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Corporal Punishment in Tennessee
March 2018

As requested by members of the Tennessee General Assembly, this report examines the use of corporal punishment in Tennessee, including an analysis of its use for students with disabilities. Researchers examined federal and state laws, local school board policies, interviewed school and district personnel, surveyed principals and directors of schools, and analyzed available data on corporal punishment use.

Analysis of the available data on corporal punishment use found that students with disabilities received corporal punishment at a higher statewide rate than students without disabilities for two of the three most recent reporting years. The number of students with disabilities in Tennessee receiving corporal punishment declined from 2009-10 to 2013-14, by about 7 percent. In comparison, the number of students without disabilities receiving corporal punishment declined by about 46 percent across the same time frame. Of the schools that used corporal punishment for students with and without disabilities, about 80 percent used corporal punishment at a higher rate for students with disabilities in all three reporting years.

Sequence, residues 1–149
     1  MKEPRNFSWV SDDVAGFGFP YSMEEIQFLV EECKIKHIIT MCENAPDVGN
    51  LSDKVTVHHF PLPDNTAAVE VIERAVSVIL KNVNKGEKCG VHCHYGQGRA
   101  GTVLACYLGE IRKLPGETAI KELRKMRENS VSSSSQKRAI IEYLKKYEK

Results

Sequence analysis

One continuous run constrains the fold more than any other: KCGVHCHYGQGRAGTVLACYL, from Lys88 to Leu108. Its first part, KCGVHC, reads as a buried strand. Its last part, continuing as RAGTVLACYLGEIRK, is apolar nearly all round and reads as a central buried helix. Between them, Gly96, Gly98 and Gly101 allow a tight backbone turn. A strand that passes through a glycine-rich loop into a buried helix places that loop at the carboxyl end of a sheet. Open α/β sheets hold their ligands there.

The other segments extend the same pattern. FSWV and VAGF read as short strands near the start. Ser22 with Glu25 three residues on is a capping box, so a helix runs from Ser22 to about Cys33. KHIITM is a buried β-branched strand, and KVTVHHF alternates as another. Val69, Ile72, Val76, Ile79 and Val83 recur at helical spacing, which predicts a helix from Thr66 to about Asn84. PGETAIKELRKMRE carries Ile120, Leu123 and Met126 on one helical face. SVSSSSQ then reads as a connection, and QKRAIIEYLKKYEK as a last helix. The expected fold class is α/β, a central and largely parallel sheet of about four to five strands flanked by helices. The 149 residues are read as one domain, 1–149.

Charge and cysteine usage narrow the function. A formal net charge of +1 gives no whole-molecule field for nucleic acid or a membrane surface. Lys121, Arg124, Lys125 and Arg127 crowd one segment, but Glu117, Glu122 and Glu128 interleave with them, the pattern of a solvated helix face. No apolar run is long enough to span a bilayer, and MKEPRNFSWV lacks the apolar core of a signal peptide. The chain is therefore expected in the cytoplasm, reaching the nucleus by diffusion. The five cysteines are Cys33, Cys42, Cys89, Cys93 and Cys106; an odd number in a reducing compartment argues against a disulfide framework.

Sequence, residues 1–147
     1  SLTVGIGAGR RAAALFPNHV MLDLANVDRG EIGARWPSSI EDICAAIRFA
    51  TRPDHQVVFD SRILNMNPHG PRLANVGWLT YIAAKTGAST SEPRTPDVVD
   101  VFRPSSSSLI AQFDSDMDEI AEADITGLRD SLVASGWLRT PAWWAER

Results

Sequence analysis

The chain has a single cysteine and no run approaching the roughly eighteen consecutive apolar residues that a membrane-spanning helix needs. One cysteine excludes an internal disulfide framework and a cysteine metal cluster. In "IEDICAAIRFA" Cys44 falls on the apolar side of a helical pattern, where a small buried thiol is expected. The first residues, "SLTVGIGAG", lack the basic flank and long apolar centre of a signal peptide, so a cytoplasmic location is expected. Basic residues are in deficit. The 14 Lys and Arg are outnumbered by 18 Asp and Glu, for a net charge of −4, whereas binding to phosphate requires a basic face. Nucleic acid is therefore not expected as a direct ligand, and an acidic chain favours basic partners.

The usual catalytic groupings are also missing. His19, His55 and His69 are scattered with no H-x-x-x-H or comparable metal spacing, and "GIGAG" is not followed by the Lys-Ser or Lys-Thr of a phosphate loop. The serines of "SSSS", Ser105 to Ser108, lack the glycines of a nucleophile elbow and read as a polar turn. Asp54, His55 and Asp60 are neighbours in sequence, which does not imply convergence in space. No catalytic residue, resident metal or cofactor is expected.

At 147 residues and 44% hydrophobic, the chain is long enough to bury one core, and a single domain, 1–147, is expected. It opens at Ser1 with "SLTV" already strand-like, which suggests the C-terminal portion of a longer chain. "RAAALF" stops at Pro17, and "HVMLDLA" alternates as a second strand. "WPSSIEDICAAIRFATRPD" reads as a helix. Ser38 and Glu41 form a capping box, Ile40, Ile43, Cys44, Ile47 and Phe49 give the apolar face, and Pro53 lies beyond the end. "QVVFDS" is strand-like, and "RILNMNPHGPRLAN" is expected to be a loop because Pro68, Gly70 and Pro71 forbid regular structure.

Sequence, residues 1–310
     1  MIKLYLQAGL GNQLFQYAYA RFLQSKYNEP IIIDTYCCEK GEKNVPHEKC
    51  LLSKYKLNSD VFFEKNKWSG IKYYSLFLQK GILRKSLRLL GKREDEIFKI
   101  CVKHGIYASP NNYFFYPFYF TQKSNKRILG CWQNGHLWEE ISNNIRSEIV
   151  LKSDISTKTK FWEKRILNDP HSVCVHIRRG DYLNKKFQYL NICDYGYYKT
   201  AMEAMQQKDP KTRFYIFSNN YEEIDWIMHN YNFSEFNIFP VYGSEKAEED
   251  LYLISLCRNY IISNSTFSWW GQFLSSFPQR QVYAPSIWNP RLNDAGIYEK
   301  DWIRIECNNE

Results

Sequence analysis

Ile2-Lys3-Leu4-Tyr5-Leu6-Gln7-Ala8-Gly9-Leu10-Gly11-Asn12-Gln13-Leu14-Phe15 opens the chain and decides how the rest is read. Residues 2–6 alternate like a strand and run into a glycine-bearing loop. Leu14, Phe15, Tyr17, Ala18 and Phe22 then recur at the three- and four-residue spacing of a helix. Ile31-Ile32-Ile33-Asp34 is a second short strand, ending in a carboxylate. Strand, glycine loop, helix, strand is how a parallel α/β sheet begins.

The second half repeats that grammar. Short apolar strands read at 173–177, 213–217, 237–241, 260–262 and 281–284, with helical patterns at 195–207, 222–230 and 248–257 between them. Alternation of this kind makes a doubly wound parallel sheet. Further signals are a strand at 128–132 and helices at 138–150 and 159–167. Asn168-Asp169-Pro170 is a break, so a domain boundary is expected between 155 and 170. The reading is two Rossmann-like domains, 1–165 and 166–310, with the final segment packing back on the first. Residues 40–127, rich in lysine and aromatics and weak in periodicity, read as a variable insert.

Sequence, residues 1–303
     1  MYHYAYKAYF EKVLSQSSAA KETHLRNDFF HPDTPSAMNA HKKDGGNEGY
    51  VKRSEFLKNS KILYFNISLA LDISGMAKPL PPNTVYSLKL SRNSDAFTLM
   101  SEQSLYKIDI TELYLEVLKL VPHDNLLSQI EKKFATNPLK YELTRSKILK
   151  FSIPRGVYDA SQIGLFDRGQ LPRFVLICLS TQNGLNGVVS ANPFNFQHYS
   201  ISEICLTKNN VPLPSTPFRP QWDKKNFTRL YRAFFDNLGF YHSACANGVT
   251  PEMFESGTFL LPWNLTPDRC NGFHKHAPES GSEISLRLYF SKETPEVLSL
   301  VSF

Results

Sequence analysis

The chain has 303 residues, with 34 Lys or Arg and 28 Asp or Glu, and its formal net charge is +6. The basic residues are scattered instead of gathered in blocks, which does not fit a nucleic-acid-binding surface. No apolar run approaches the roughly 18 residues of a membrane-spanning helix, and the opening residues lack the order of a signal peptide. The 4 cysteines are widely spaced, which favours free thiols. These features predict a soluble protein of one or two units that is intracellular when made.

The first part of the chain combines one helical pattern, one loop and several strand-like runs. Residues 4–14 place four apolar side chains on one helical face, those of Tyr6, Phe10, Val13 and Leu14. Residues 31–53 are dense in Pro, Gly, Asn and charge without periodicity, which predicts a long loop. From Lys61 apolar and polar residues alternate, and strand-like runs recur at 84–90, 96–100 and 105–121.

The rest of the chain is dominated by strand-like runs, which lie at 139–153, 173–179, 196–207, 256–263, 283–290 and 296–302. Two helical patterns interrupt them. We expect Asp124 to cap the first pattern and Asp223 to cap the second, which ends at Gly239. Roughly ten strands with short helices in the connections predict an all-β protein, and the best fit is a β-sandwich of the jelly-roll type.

The report includes policy considerations for the General Assembly and school leaders. OREA has also created a supplemental appendix of all schools that reported using corporal punishment in one or more of the last three reporting years, including the number of students with and without disabilities who received corporal punishment and the corresponding rates of use.

 



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